Frankl made some brilliant observations which he later wrote about in his book Man’s Search for Meaning. When men lost hope of the future, they lost the will to live. Those who were able to survive were typically the ones who found meaning in their life and suffering.
I recall Frankl’s story because we are in the midst of a male suicide crisis where boys and young men in their prime are ‘running into the wire.’ And COVID, front and centre, seems to be exacerbating it.
COVID is all over the news and social media, everyone is talking about it, lives have been turned upside down by it. The police are enforcing new laws, the borders are closed, the army has been called in, schools and churches have been shut, curfews enforced and even people going to jail. COVID is portrayed as a menacing and dangerous enemy, and we have to be on high alert.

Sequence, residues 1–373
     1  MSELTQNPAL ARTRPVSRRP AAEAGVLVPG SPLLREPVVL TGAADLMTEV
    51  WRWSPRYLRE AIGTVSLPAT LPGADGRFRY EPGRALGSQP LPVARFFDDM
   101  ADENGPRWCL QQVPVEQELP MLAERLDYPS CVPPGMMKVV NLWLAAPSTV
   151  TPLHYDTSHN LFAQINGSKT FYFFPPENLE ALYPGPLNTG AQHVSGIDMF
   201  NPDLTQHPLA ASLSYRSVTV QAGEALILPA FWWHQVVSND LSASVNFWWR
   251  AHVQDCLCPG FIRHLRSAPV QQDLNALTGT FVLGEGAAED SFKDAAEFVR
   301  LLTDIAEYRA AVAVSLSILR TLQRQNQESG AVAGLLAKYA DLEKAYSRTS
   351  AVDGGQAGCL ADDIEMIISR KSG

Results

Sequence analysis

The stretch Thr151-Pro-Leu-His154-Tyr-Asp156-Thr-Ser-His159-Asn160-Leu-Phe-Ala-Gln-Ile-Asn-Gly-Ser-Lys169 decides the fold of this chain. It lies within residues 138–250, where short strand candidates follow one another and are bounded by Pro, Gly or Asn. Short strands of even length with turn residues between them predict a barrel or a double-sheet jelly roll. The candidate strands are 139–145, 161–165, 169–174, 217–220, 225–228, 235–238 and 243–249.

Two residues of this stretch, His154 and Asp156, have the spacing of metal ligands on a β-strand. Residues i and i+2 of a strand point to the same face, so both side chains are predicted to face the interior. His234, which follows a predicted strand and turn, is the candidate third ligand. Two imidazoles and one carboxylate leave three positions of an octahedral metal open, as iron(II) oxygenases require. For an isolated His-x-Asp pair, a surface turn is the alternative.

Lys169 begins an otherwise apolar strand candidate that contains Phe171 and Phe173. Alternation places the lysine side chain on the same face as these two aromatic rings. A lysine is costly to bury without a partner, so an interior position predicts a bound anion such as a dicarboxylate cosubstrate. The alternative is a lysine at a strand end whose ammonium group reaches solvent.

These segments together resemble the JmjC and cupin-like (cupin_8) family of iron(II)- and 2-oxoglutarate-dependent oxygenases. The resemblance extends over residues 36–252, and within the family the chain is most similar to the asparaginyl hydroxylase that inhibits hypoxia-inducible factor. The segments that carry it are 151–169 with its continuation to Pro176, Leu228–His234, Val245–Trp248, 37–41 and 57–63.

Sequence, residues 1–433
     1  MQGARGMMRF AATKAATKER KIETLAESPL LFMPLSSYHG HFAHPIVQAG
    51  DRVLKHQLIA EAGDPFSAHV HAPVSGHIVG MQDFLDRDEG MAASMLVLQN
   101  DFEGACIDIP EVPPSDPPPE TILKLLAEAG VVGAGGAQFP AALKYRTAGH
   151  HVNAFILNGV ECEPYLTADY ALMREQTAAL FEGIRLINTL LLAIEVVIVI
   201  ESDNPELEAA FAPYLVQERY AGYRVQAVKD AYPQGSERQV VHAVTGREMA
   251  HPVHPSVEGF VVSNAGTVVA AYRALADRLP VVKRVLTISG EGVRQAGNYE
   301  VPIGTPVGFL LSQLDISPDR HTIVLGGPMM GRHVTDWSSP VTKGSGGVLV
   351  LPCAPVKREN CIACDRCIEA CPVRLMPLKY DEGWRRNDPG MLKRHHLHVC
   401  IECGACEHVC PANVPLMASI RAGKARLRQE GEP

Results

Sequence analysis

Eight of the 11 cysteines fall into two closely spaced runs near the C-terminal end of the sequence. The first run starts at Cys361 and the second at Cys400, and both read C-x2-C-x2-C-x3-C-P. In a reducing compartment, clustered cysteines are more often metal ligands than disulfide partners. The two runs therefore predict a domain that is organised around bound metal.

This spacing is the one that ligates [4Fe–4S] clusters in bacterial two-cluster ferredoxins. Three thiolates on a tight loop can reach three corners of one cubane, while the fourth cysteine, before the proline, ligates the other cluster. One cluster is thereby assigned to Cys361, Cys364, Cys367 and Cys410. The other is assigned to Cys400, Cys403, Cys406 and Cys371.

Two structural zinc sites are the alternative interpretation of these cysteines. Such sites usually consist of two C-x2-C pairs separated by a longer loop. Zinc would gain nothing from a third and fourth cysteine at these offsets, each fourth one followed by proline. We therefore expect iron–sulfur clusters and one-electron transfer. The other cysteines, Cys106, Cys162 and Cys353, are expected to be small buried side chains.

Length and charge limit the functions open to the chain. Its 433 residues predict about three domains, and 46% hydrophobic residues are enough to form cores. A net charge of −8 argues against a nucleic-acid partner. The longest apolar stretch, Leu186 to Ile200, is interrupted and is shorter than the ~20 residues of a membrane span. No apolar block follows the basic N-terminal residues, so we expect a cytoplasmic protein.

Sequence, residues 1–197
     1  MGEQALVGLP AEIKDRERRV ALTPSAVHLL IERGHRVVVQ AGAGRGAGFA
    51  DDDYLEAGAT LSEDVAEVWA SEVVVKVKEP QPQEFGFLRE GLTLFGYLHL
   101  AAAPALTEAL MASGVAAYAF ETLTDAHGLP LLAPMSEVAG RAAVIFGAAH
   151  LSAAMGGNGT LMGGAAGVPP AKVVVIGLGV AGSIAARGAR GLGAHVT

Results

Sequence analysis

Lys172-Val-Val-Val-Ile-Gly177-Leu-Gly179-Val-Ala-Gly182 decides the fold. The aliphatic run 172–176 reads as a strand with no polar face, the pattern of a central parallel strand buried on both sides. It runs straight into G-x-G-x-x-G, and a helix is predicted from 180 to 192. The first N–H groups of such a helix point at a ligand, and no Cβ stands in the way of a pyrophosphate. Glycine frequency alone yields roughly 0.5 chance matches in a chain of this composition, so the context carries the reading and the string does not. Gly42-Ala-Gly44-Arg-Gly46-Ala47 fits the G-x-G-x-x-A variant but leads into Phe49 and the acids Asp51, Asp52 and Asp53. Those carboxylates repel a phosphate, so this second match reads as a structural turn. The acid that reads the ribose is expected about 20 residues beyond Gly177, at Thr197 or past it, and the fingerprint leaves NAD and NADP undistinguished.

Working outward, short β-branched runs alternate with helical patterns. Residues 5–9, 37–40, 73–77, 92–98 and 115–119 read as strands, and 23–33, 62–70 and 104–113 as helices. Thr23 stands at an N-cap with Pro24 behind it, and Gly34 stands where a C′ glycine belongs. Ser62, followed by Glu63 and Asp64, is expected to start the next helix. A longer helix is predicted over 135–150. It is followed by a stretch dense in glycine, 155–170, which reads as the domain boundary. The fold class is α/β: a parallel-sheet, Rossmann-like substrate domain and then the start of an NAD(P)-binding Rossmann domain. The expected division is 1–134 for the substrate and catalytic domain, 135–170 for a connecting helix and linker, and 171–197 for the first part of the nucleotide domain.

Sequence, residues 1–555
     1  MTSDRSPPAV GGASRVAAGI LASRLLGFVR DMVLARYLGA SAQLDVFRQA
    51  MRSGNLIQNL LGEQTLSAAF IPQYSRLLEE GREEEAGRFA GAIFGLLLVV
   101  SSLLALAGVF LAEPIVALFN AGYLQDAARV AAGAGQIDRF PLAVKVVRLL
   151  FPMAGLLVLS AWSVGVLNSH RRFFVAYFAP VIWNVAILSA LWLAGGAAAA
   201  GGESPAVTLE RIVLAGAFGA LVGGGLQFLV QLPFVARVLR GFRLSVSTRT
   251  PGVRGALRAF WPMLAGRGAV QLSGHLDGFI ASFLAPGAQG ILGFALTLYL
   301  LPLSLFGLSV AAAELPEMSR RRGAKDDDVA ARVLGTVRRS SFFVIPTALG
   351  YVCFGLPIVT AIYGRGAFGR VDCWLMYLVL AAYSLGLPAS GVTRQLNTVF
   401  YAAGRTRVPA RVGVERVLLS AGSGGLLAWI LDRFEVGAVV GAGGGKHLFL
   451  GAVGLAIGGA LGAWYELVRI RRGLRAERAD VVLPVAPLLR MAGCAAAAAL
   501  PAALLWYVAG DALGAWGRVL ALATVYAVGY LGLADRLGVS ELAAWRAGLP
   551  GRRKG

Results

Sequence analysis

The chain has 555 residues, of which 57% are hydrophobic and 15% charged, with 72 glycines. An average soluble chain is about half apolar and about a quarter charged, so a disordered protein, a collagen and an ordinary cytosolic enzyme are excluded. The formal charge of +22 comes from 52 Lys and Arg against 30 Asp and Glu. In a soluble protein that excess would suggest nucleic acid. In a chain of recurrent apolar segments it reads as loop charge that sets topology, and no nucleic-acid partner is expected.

So far this year, Australian COVID deaths have taken two people on average every day, 92% of them are over 70 years, most in nursing homes. Only thirteen people under 60 years, have died. Check out the latest data here.
Every week around 45 boys and men are committing suicide, over six per day.
While we have our eyes locked on COVID, boys and men are deciding that they have nothing more to expect from life and taking their lives at record rates. Every week in Australia around 45 boys and men are committing suicide, over six per day.
Think about it, too many boys and men living with an utter loss of hope.
Frankl quotes Nietzsche in his book Man’s Search for Meaning, “Those who have a 'why' to live, can bear with almost any 'how'.”